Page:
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NFL Overtime Rules: Latest Rumors on Ravens' 'Spot and Choose'; 'Sudden Death'

Tim Daniels@TimDanielsBRFeatured ColumnistMarch 4, 2021

Baltimore Ravens players huddle prior to an NFL football game against the New York Giants, Sunday, Dec. 27, 2020, in Baltimore. (AP Photo/Nick Wass)
Nick Wass/Associated Press

The Baltimore Ravens are reportedly set to propose a "spot and choose" overtime concept, which would allow the team that wins the coin toss the choice of where to place the ball to start OT and then the opponent would have to decide whether to play offense or defense.

Mike Florio of Pro Football Talk reported Thursday the Ravens' plan features two timing ideas: a 10-minute sudden-death option or a seven-minute, 30-second extension of the game that would be played in full before a winner (or a tie) is declared.

The return of sudden-death overtime was already on the table separately from Baltimore's potential overtime overhaul, per Nick Shook of NFL.com.

Current overtime rules call for a standard coin toss, with the winner getting to decide whether they want to receive or kick and the other team choosing which end zone to defend.

The team that receives the kick can end the game with a touchdown. If it kicks a field goal, the opponent gets a chance to either tie the game or win it with a touchdown. If the first team doesn't score, then the game moves into sudden death for the remainder of the 10-minute period.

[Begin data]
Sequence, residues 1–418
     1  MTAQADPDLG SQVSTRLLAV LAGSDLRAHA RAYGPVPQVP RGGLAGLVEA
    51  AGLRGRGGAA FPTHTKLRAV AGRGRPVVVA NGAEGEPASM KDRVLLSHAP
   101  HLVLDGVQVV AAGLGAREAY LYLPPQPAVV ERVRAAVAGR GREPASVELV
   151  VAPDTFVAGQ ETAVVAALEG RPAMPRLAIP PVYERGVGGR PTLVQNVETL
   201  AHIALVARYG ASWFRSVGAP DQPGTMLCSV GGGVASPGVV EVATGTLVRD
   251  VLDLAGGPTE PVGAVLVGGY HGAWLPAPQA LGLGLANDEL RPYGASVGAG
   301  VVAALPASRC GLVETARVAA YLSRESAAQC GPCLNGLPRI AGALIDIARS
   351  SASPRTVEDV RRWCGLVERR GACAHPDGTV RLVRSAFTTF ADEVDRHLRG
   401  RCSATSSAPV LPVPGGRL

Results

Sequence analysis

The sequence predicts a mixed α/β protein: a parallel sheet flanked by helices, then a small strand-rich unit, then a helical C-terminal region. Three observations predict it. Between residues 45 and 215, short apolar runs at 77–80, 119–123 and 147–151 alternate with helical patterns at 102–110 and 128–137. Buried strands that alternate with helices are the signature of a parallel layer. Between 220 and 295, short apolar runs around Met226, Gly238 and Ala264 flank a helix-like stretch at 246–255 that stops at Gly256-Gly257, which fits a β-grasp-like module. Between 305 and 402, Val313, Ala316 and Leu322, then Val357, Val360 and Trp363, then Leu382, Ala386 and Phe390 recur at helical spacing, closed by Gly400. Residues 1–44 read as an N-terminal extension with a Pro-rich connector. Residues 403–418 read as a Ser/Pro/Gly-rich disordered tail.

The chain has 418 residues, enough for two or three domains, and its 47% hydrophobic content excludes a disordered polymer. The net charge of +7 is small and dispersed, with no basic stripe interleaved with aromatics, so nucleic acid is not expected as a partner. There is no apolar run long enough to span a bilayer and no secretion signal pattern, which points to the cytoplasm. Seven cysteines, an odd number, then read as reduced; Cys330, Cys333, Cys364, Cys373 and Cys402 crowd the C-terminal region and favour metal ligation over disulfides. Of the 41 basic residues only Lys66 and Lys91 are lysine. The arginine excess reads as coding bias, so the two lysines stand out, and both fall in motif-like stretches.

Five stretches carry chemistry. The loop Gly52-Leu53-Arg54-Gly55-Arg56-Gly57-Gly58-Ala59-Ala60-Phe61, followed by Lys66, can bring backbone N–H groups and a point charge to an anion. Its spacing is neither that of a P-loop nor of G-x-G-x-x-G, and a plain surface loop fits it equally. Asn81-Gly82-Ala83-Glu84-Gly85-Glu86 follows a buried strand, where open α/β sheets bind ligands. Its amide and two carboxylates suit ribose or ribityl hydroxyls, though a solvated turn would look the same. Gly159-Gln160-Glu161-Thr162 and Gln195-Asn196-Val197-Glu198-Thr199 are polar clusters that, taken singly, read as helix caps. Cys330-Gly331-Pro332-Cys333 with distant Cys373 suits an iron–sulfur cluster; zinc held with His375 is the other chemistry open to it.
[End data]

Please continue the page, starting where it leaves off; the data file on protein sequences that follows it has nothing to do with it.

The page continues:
It's a convoluted system that was developed because teams were unhappy the coin toss played such a prominent role in deciding overtime games since whichever side received the first kickoff could drive about 45 yards, kick a field goal and win without the other team getting a chance.

The Ravens' "spot and choose" plan would create a strategy-based decision that would likely be heavily influenced by the proficiency of the opponent's offense.

Most teams will want the ball to start overtime, especially if it's under sudden-death rules, so the question for the team that wins the toss will be how far deep they can push that opponent in their own end without putting themselves in a terrible position.

For example, if a team facing the Kansas City Chiefs wins the toss, is there a yard line where K.C. would actually consider playing defense first or are they going to put the ball in Patrick Mahomes' hands regardless? The answer is probably the latter, even if the team chooses the 5-yard line.

So it's a little chess match that would provide far more intrigue than the current set up. The belief is the 13-yard line will be the standard break point for an average game, with anything at the 12 or closer leading the second team to opt for defense first, per Florio.

Baltimore's idea, or something else with a few wrinkles, will likely be needed if the NFL wants a return to sudden death because teams won't want their overtime fate in the hands of a coin toss again.

Proposals need support from two-thirds of teams (24 of 32) in order to receive approval.

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